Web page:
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  1. Please Gary – stop using any phrase with “margin,” “at what margin,” or “at the margin.” It’s driving me up the wall. Every other post mentions it. We get it – you know what at the margin means.

    Other than that, keep up the informative writing!

  2. @dwonderment yes there is but i always go with the korean options so can’t comment on the western choices (other than the caviar 🙂

  3. Well written Gary. I agree with you. I never thought that one of the benefits of traveling a lot would be how much I appreciate being at home.

  4. Interesting question. I think for me it’s a combination of both, with experience being slightly more important.

  5. The Korean food was awful in Korean First class. I too ordered the Korean option and the bibimbap was really lacking compared to Asiana. The picture you show in that picture is missing some key ingredients like carrots. Not to mention there is no “kimchi” served as a side dish, which is the equivalent of getting served a burger without french fries.

    I realize it’s airplane food, but it is first class on Korean Air, the flagship carrier of the ROK. They should serve Korean food that’s respectable.

    Also depending on the route they serve foi gras instead of caviar, which is not my favorite.

  6. @Gary– Fully agree with you on finding a proper time/comfort balance. With that in mind, would you ever make the decision to connect in Chicago on your way from DC to Paris in order to fly AA’s old business class?

  7. I agree. I just got off my ICN-LAX-SFO in korean business, because I wanted to fly the 380. To be honest, the customs in LAX then check in was extremely horrific 2 hours that I think its not worth it to make a domestic transit.

    My transit experience in YVR or NRT have been quite smooth nevertheless.

  8. @Ethan

    Do you mean nonstop DC-Paris vs DC-ORD-Paris? If I have business from DC, oh hell no. I may even keep the nonstop if I’ve got premium economy or UA’s E+

    But if I *have* to connect, I might go out of my way for a longer flight, particularly if my other option is JFK and I intend on sleeping.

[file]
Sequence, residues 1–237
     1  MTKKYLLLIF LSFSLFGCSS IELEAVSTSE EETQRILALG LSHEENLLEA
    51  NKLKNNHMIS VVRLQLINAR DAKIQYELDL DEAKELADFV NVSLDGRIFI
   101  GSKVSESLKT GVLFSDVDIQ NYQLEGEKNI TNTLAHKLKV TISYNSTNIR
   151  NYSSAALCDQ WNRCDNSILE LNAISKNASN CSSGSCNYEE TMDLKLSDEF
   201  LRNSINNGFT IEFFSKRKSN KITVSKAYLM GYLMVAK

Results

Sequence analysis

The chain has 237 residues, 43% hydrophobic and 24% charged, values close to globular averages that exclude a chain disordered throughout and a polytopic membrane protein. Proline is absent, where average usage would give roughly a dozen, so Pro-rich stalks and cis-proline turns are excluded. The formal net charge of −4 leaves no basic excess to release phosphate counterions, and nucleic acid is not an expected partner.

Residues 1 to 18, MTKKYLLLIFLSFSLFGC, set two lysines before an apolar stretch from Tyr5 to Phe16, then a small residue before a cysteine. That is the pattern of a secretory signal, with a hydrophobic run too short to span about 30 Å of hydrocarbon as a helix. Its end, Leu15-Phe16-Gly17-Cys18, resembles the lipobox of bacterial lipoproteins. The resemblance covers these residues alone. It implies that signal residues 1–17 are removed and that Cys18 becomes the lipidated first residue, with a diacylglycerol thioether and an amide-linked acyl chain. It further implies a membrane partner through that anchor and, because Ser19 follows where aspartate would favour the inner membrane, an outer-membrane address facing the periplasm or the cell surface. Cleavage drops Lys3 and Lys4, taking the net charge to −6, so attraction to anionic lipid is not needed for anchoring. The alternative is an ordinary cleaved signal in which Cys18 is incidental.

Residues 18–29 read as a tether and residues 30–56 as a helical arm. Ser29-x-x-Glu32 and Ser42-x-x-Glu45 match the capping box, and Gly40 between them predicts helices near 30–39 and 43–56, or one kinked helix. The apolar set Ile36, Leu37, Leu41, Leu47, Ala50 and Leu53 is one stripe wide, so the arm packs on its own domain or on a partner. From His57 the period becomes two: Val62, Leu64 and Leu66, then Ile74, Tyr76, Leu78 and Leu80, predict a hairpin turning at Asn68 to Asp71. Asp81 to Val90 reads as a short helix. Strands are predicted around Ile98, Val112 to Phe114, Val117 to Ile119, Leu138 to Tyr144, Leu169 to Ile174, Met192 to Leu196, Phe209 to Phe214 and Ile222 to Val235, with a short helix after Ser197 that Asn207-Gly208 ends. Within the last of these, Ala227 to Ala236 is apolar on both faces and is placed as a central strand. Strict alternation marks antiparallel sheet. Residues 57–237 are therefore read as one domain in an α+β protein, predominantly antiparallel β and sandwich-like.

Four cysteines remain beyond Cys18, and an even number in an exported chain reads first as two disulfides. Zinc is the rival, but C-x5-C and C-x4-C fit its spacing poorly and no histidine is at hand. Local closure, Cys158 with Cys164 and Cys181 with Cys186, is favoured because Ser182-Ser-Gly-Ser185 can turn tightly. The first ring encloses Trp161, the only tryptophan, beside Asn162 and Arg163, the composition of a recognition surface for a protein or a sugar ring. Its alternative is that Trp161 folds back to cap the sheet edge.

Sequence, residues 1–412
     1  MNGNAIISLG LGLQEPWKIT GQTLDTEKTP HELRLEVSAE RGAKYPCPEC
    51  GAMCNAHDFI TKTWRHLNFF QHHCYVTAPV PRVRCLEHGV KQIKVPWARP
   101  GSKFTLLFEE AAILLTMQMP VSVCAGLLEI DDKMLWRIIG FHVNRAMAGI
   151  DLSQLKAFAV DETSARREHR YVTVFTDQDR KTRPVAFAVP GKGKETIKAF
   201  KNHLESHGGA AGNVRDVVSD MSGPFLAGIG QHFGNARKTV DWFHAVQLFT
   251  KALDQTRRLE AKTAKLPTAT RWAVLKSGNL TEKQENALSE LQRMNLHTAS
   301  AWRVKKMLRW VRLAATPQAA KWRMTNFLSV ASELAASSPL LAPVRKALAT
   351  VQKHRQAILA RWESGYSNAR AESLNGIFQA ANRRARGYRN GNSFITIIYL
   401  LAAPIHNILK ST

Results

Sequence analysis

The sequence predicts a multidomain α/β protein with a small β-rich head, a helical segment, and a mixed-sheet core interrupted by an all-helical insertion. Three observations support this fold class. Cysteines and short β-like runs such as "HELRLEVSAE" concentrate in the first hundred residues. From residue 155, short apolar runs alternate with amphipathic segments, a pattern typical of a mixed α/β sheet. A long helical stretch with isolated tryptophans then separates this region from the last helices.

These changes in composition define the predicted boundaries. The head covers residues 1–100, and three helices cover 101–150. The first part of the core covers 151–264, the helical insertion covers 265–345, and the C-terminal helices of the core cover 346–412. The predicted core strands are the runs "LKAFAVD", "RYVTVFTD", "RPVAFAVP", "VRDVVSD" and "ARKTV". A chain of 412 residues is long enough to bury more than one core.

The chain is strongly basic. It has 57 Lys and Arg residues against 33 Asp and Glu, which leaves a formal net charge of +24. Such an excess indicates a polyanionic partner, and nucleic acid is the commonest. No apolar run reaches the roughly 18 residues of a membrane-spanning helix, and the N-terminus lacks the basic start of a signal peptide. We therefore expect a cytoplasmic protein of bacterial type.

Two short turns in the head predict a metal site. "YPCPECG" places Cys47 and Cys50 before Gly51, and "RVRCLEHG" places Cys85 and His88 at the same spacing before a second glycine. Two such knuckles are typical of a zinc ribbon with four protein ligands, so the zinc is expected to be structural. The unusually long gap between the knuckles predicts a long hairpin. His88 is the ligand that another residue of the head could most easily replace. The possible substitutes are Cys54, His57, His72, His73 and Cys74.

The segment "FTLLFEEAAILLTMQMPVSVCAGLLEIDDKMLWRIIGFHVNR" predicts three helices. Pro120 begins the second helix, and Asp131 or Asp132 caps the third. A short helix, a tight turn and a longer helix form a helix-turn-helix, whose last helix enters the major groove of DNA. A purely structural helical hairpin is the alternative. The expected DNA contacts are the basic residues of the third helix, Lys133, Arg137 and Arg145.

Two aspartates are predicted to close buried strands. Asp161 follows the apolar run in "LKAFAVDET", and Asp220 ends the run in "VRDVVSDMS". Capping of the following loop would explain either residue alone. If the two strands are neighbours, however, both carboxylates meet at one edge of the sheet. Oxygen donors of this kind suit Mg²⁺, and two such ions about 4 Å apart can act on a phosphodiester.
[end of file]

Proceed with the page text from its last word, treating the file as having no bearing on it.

9. The question posed is a good one. Over the last couple of years, I’ve had the privilege of flying QF F, CX F, and SQ F, including the suites. Oh, gotta throw in the AA F on the 321T.

    The thing is, I cannot sleep on planes. At all. Suites or no suites, 15 hour flight or no 15 hour flight. So if I’m on an aircraft past the point of my natural bed time, it’s not an experience that I can enjoy, it’s transportation. It’s also why I’m not the biggest fan of F products that have to be “made” into a bed. I need to switch between “modes” often and am not comfortable asking the crew to keep changing up the beds. I also really like a really good recliner, which those types of products can’t do well.

  10. @Dan LOL indeed… the whole consultant/thought leader charade’s getting to his head.

    100% certain Gary doesn’t know what margin, margin, margin means. That, and, my favorite – framework. “So the relevant framework here….” Framework????? What? Keep it simple Gary – that’s why we love you.

  11. I think everyone is missing an important point here….Cathay is a very safe airline compared to Korean or Asiana. Now granted that airline “accidents” are statistically few, my absolute disdain for the 2 Korean airlines would make my decision very easy. Besides from my home city, I cannot fly anywhere internationally without at least 1 stop.

  12. Gary, note that I asked about CX F vs KE *J*. So, will you really pick KE *J* over CX F to save 2 connections?